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How museum's poppies have left lasting legacy; It generated thousands of photos and thousands of pounds. DAVID WHETSTONE reports on the economic impact of a poppies sculpture at Woodhorn.

APOPPIES sculpture commemorating the human cost of the First World War moved thousands of visitors to a North East museum - and also gave a boost to the economy.

Weeping Window, comprising ceramic poppies to represent lives lost, had a "gross visitor impact" on the Northumberland economy worth PS1.8m when it was displayed at Woodhorm Museum at the end of last year.

The findings come from the firm DC Research which studied the implications of the huge increase in visitor numbers at Woodhorn while Weeping Window was on display.

The sculpture, taken from the installation Blood Swept Lands and Seas of Red which was shown at the Tower of London in November 2014, was seen by 125,505 people at Woodhorn during seven weeks between September and November, 2015.

This was an increase of 119,000 visitors on the equivalent period the previous year and contributed to a 132% increase in visitors to Woodhorn during the whole of 2015.

The Tower of London sculpture, by artist Paul Cummins and designer Tom Piper, contained 888,246 ceramic poppies, one for every British and Colinial forces death between 1914 and 1918.

After the hugely popular London showing most of the poppies were sold but two significant parts of the installation embarked on a tour of other locations which bid to display them.

Woodhorn Museum was the first location for the one called Poppies: Weeping Window which it displayed as a cascade from an old colliery winding wheel which is now a scheduled ancient monument.

There it proved hugely popular with local people and others from further afield.

According to DC Research at least 12% of the visitors (9,867 in total) were from outside the region and stayed overnight, accounting for 40% (PS726,670) of the sculpture's economic impact.

The net benefit to the county, after deducting the visitors who might otherwise have gone elsewhere, has been estimated as PS817,799.

Admission to Woodhorn Museum is free although parking costs PS3.50.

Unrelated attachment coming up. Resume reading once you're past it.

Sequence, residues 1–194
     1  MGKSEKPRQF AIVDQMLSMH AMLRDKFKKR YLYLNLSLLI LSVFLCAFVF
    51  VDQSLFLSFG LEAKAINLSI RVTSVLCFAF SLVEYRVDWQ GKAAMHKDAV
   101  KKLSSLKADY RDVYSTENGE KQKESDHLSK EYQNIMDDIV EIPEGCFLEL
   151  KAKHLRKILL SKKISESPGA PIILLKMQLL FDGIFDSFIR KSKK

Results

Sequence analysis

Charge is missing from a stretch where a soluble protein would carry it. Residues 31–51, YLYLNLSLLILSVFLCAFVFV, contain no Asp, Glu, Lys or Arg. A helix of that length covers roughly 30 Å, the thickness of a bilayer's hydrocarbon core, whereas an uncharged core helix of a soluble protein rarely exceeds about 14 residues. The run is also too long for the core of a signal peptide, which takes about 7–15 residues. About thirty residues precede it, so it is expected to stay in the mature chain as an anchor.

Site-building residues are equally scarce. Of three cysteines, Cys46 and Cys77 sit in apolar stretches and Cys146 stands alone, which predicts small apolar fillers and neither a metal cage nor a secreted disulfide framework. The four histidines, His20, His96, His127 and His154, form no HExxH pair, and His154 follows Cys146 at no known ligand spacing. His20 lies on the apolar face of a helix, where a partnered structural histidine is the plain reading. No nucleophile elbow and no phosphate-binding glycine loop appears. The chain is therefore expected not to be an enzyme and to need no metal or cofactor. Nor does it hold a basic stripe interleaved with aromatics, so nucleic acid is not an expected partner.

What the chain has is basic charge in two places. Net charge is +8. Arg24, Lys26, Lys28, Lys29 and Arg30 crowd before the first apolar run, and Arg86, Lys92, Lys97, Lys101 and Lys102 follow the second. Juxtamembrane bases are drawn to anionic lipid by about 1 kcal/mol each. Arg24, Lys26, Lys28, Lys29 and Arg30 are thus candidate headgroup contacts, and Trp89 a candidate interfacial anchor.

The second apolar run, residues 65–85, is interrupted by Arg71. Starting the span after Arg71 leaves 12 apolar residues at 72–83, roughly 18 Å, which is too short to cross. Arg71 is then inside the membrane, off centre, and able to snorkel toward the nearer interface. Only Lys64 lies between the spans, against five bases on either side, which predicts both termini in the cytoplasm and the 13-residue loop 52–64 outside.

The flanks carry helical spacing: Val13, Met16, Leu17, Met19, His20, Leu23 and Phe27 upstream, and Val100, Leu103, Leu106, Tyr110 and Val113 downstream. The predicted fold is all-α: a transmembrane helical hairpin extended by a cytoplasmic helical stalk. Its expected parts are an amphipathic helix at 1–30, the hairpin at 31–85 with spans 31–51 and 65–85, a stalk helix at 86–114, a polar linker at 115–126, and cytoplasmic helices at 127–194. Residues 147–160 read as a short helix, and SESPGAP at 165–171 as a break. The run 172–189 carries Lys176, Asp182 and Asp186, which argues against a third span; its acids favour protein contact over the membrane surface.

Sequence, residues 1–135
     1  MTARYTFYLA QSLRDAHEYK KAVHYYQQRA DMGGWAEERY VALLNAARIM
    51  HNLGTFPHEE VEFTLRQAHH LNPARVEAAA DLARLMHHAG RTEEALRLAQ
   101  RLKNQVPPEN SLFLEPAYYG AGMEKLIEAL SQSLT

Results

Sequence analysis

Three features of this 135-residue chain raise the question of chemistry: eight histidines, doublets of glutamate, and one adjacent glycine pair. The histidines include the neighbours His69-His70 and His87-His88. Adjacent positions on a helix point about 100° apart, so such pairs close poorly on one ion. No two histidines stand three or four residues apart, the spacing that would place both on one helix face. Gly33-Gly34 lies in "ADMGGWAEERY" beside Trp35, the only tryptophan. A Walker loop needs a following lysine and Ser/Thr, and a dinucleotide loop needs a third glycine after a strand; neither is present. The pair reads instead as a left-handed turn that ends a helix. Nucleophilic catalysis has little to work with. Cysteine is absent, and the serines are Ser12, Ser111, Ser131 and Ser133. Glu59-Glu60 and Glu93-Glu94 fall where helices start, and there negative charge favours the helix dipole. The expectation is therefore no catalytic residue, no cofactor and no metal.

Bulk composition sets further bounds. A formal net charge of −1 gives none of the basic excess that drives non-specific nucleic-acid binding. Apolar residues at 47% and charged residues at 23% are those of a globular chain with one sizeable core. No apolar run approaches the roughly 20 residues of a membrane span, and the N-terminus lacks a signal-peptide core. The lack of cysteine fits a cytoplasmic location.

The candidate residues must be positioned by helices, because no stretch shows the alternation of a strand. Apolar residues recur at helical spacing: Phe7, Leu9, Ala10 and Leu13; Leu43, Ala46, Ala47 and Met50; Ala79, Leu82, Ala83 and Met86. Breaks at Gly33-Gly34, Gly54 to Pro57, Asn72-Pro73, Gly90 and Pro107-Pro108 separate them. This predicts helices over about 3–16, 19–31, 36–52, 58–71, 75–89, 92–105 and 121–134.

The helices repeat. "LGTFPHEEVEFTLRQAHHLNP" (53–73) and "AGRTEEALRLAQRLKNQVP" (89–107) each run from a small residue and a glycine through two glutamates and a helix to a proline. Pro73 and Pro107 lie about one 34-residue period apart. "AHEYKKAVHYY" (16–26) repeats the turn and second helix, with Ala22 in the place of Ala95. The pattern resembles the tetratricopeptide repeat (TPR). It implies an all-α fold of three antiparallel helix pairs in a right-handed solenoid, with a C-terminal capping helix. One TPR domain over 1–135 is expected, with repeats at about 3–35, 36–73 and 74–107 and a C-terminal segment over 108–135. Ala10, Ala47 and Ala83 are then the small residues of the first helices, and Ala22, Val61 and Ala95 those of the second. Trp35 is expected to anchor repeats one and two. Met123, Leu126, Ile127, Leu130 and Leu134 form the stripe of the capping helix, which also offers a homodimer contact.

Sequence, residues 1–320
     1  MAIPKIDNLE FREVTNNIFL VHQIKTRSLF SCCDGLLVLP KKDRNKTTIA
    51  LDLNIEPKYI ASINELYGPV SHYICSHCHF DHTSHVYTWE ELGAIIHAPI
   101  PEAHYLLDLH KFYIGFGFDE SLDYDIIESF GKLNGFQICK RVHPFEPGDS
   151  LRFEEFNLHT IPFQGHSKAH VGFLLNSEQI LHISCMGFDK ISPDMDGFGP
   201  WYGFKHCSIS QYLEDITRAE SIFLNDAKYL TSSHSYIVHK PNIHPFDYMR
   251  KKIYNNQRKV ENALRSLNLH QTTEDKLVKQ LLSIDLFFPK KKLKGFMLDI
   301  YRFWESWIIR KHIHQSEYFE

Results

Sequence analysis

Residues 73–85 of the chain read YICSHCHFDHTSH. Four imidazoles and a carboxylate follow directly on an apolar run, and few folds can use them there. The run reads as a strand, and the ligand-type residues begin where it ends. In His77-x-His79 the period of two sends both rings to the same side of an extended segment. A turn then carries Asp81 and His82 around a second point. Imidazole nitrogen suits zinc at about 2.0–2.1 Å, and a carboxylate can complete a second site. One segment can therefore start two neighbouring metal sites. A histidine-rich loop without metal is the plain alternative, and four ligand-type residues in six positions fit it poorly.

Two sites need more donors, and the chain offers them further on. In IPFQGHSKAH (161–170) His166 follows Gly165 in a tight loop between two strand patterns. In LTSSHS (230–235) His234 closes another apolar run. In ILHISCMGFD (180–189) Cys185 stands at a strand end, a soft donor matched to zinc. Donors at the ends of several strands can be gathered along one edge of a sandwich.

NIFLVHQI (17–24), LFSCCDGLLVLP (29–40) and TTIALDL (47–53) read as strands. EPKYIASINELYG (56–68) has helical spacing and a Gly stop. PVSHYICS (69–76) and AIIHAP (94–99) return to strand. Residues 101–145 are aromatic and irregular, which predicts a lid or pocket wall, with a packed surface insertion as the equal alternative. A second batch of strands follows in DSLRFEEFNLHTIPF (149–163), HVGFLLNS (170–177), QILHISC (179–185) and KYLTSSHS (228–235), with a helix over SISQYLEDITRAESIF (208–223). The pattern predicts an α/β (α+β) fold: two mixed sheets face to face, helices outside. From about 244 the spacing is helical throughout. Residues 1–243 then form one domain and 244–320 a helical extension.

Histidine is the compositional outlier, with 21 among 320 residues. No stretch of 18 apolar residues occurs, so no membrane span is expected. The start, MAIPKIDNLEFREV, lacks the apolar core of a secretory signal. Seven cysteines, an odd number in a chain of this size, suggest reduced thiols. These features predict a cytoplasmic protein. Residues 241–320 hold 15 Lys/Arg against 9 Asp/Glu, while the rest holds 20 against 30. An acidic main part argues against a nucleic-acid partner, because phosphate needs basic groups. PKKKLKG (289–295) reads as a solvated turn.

The sculpture, which won The Journal Culture Award for best North East event of 2015, was part of the 14-18 NOW official art programme commemorating the First World War.

Director Jenny Waldman said: "We are delighted that the presentation of Weeping Window was such a success at Woodhorn.

"Woodhorn Colliery played an important part in the war effort, not only for coal production, but also supplying skilled miners for the front.

"As the poppies tour the UK we have seen their incredible ability to bring generations together to share stories of the First World War, and this was certainly the case at Woodhorn."

Penny Wilkinson, chair of the trustees of Museums & Archives Northumberland, said hosting Weeping Window had been "a tremendous honour".

She added: "The sculpture was a poignant way to remember the fallen, with over 2,000 men from Woodhorn Colliery serving in World War One and many thousands more from across Northumberland."

Coun Val Tyler, Northumberland County Council's cabinet member for arts, leisure and culture, said: "The poppies have an incredible ability to bring people together which was clear during their presentation at Woodhorn.

"The display is so iconic and seeing the flowers cascading down from the pit wheel was very special for our region."

Poppies: Weeping Window is due to open at Caernarfon Castle, North Wales, on October 12.

The other touring installation, Poppies: Wave, is on display at Lincoln Castle until September 4.

The display is so iconic and seeing the flowers cascading down from the pit wheel was very special.Coun Val Tyler

CAPTION(S):

Tom Piper, left, and Paul Cummins at Woodhorn

The Weeping Window poppy installation at Woodhorn by Tom Piper and Paul Cummins
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Title Annotation:Features
Publication:The Journal (Newcastle, England)
Geographic Code:4EUUK
Date:Aug 24, 2016
Words:611
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